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WASHINGTON -- Three U.S.-based refiners reached separate agreements with the federal government, which are expected to cut emissions at seven refineries by more than 10,000 tons per year, the U.S. Environmental Protection Agency (EPA) announced.
The agreements settle air pollution allegations against the three refining companies and require more than $1.4 billion in new pollution controls, according to the Environmental News Network.
Conoco Inc., which supplies more than 5,000 branded convenience stores, will spend an estimated $95 million to $110 million to install the best available technology to control emissions from stacks, wastewater vents, leaking valves and flares throughout its refineries, the report said.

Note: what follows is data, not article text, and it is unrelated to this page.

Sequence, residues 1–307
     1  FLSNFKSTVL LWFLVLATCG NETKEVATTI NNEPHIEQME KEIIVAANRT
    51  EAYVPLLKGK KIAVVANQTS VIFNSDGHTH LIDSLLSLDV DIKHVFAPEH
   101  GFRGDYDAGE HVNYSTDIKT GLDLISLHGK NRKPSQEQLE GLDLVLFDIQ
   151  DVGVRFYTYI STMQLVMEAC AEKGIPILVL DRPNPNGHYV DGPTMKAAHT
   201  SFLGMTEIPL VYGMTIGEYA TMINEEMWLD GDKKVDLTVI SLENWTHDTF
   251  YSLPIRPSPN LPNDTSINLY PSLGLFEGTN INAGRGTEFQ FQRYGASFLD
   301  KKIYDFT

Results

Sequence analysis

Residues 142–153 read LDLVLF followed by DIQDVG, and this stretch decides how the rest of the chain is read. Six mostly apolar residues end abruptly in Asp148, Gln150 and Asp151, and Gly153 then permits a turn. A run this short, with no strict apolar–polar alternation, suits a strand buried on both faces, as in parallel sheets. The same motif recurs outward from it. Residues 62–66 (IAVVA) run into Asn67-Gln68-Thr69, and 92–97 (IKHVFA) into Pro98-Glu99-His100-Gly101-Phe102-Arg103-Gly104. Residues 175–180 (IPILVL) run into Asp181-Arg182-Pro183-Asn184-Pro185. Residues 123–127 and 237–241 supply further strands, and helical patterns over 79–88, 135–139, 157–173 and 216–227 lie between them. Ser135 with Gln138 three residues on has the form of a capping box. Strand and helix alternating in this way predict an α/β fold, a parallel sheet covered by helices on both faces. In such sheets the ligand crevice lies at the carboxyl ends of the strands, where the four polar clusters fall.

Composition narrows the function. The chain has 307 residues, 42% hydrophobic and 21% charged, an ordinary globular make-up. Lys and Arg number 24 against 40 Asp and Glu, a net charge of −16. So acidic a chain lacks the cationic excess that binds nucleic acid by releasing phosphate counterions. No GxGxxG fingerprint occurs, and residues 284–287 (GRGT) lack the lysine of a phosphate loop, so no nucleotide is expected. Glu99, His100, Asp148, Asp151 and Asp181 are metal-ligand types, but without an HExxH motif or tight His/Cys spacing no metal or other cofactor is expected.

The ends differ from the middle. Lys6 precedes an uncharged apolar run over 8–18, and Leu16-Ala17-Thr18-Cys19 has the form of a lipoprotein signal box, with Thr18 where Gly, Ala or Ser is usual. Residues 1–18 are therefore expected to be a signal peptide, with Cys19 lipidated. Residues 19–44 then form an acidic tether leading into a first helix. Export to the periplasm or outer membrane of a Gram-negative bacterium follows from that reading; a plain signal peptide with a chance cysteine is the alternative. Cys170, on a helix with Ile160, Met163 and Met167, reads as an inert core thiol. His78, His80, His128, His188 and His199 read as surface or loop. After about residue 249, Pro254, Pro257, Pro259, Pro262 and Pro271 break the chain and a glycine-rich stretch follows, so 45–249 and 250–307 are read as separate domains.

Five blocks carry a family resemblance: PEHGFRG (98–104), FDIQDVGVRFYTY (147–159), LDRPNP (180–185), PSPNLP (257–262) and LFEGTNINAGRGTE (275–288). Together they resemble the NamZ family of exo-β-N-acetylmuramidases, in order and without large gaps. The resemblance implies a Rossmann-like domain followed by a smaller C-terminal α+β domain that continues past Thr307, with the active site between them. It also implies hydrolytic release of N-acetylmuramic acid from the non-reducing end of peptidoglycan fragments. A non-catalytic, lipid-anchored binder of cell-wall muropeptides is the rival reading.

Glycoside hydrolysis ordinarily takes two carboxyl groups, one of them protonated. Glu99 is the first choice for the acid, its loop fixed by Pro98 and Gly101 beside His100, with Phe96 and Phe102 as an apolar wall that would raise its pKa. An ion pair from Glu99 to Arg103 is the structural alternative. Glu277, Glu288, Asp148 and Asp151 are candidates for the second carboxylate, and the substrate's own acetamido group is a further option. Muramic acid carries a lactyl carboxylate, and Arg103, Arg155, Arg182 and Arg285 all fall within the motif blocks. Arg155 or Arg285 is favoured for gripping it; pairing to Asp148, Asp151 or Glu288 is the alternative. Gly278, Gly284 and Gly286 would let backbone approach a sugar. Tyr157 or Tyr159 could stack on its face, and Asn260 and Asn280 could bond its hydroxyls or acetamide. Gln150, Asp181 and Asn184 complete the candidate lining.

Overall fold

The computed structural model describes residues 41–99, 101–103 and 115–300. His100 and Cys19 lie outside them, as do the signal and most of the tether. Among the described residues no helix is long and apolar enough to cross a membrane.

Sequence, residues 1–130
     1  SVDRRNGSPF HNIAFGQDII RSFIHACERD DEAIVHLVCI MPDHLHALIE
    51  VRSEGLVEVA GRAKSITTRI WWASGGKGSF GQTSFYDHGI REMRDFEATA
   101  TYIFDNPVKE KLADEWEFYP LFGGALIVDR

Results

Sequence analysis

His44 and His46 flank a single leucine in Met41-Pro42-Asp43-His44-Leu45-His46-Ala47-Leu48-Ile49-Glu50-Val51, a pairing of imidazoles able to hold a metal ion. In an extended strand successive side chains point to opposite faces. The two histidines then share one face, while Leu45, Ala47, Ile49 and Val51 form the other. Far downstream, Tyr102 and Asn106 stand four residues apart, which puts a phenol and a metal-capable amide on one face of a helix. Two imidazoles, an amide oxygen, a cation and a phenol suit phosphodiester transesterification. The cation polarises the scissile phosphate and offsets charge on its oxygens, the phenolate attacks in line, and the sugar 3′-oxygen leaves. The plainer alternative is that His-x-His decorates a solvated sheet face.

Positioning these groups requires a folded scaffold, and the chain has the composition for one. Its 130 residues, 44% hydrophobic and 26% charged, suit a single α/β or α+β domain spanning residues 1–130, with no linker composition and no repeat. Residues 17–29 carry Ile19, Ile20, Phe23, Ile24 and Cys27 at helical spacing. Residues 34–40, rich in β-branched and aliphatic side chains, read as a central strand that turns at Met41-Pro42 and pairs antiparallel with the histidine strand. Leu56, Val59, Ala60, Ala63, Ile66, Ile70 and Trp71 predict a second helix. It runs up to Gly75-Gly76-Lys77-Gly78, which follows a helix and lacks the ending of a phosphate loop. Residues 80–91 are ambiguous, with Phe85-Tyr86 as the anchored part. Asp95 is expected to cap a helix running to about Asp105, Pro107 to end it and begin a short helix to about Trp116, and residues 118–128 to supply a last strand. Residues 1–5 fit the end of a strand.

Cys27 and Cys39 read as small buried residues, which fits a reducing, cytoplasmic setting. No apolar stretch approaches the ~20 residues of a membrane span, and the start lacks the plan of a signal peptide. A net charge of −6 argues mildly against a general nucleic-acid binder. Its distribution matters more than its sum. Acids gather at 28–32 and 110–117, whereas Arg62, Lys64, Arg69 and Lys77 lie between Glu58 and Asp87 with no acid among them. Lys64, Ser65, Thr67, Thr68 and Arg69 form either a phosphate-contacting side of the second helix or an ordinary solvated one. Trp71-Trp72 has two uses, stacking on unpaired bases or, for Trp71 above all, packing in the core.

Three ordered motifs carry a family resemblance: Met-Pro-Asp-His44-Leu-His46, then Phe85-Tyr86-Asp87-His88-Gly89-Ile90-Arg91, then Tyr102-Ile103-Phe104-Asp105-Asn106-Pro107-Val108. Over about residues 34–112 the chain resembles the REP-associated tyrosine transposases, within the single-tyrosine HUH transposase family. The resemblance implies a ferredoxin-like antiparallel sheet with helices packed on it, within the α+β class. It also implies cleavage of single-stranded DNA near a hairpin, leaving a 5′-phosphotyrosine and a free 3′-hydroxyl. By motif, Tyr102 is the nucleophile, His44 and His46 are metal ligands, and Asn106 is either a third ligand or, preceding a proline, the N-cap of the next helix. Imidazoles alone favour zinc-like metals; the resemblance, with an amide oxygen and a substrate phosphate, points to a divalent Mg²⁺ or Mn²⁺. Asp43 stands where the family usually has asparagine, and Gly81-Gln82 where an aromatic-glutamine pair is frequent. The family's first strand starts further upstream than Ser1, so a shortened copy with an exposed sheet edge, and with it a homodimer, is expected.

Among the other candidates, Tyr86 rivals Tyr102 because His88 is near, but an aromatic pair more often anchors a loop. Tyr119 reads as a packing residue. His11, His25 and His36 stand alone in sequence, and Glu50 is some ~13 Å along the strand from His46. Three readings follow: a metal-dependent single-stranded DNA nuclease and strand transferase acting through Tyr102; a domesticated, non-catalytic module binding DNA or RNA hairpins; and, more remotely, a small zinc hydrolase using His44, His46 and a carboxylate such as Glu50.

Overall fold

Under a separate consent decree, Navajo Refining Co., a subsidiary of Holly Corp., and Montana Refining Co. will spend an estimated $16 million to $21 million on similar projects.
These affected refineries make up more than 3.5 percent of the total refining capacity in the United States.
The agreement with Conoco will affect refineries located in Lake Charles, La.; Ponca City, Okla.; Commerce City, Colo.; and Billings, Mont. Conoco will also pay a $1.5 million civil penalty under the Clean Air Act and spend about $5 million on environmental projects in communities around the company's refineries. The states of Louisiana, Montana, and Oklahoma will share in the cash penalty.
The agreement with Navajo and Montana Refining will affect refineries located in Artesia, N.M.; Lovington, N.M.; and Great Falls, Mont. Navajo and Montana Refining will pay a $750,000 civil penalty and spend about $1.5 million on environmentally beneficial projects. The states of New Mexico and Montana will share in the cash penalty.
The EPA reached similar agreements over the past year with Motiva Enterprises, Equilon Enterprises, Deer Park Refining Limited Partnership, Marathon Ashland Petroleum LLC, Koch Petroleum Group, BP, Amoco, and Atlantic Richfield.